“Anderson’s vibe sold me. Everyone was so genuine; I immediately knew these were my kind of people.” Rathor found Anderson students to be the most willing to help her through the application process. “I was amazed at how far people would go to help me,” she says. “It made me excited to become part of this community.” Right away, Rathor’s list of priorities — learn about herself, build relationships and gain leadership experience — was addressed. Fast friendships occurred when 200 members of Rathor’s class traveled to Japan for spring break. “It was one of those MBA experiences you can’t get anywhere else.” Though the group was large in number, they formed close bonds. “I was surprised that these people I’ve only known for a few months I now call some of my closest friends,” Rathor says. “High-quality friendships were something I knew I’d gain from this program, but not to this extent.”

Monthly meetings with her leadership coach have resulted in lightbulb moments. “I learned I’m far more extroverted than I thought. I’m someone who feels energized and at peace when I’m around people.” She credits business school with teaching her how to use this energy. “I’ve been able to pinpoint what makes me feel happy and productive and how to put that energy in the right places.”

Now, as ASA president, Rathor and her executive vice president, Michael Bleggi (’24), have set out three primary goals: transparency, efficiency and collaboration. “We’re one of the first classes to be fully back in person post-COVID,” Rathor says. “Though we’re grateful for this, it brings challenges, as we’re picking up where many classes left off from years of not being in-person.”

Regarding efficiency, “We’ve seen a lot of duplicative work, so we want to reevaluate our processes and structures and find ways to streamline processes wherever we can to improve the student experience.”

On the transparency front, Rathor says, “We want to increase transparency and communication between faculty and students. There’s so much of the MBA experience to take advantage of, and we want to ensure people know what’s available so they can leverage those resources.”

“In thinking about my core values, the three things that matter most to me surfaced: creativity, people and wellness. Everything I do in my life at any point will incorporate at least two of those three things.”

As for collaboration, the ASA foresees this involving first- and second-year classes, Anderson’s degree programs and student clubs. “We want to create an environment of trust and support,” Rathor says. “We’re all working toward the same goals, which is often easier when working with others.”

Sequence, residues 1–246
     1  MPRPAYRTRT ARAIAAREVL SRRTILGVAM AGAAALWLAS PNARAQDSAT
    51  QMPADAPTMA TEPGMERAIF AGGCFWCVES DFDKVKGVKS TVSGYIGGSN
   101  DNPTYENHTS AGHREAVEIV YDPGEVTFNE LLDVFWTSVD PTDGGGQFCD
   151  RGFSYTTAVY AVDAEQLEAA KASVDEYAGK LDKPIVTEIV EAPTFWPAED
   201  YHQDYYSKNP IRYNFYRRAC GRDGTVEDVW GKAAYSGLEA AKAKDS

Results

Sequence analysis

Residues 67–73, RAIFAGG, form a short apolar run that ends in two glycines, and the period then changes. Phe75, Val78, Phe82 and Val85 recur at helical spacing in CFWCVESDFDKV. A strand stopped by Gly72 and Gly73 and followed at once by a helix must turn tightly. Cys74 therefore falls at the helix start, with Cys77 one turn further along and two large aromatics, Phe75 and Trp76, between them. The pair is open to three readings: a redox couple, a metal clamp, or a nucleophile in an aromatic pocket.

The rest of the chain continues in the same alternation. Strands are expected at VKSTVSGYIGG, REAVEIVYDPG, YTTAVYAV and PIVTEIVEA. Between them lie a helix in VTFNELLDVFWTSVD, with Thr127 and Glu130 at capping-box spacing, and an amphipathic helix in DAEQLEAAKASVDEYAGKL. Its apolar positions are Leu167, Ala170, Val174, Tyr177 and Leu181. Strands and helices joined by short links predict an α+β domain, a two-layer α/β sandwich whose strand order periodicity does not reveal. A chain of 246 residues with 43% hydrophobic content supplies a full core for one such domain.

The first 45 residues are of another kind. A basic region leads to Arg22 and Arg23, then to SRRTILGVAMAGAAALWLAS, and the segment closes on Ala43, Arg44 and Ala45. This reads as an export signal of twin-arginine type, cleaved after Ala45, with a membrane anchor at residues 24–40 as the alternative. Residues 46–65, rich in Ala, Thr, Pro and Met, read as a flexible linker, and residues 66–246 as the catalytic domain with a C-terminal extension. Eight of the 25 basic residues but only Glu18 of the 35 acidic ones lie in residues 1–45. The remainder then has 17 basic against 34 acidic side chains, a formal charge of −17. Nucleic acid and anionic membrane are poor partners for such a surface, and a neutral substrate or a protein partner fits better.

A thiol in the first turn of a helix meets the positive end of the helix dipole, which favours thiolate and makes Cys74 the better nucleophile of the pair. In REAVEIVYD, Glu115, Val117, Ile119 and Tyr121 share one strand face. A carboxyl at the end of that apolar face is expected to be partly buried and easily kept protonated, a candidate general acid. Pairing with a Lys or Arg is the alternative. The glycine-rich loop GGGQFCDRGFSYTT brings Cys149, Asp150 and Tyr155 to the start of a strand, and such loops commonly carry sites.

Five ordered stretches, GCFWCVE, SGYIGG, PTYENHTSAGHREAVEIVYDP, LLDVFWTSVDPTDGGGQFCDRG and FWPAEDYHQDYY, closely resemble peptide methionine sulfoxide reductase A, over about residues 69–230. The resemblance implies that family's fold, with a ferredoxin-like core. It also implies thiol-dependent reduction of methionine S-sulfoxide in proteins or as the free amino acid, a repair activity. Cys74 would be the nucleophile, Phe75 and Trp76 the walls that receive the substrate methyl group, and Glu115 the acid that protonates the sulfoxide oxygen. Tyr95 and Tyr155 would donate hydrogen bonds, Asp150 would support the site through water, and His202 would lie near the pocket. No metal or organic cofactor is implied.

As she begins her ASA presidency, Rathor gives a shout-out to Mike Morgan (’23), former ASA vice president. “He’s been a great mentor and coach,” she says. “I believe this has helped bring our classes together and set expectations for the student experience. I’m grateful for his support.”

With an eye toward the future, Rathor is staying open to change. “Every time I’ve made a five-year plan, 20% of that will stay true, and the rest will change.” Currently, she’s aiming to go into product marketing. This summer, she’ll be working in global brand marketing at PlayStation. “The recruiter specifically pulled my profile because they’re trying to do more with influencers,” Rathor says, referring to her past career trajectory as an influencer marketing manager. “I think Sony has a long-term strategy to bring me back into that world, and I’m absolutely not opposed.” Rathor’s been taking a gaming course. “I’m looking at this from a video game angle with the metaverse in mind,” she says. “It’s crazy how artists can use different mediums. Like in the metaverse, where you see influencers popping up in different ways.” A current trend she’s noticing is a move toward virtual reality. “Influencing will take shape and adapt to whatever that looks like in the metaverse.”

Still, with all these plans lined up, Rathor hopes to launch a side business someday. “I want to leverage my creative hobbies,” she says. “I was teaching yoga and doing wedding calligraphy and graphic design. If there’s an opportunity to pursue those as official side businesses, I’d love to explore them.”

With her passion for embracing opportunities, Rathor puts forth this advice for those contemplating business school. “Think about what you want to get out of the experience and keep that top of mind,” she says. “There are endless opportunities, and you’ll want to do it all, but it’s best to know what you want to get out of the experience.” Following her example, consider setting intentions. “When you prioritize, it’s easier to prevent burnout and focus energy in the places aligned with your goals.”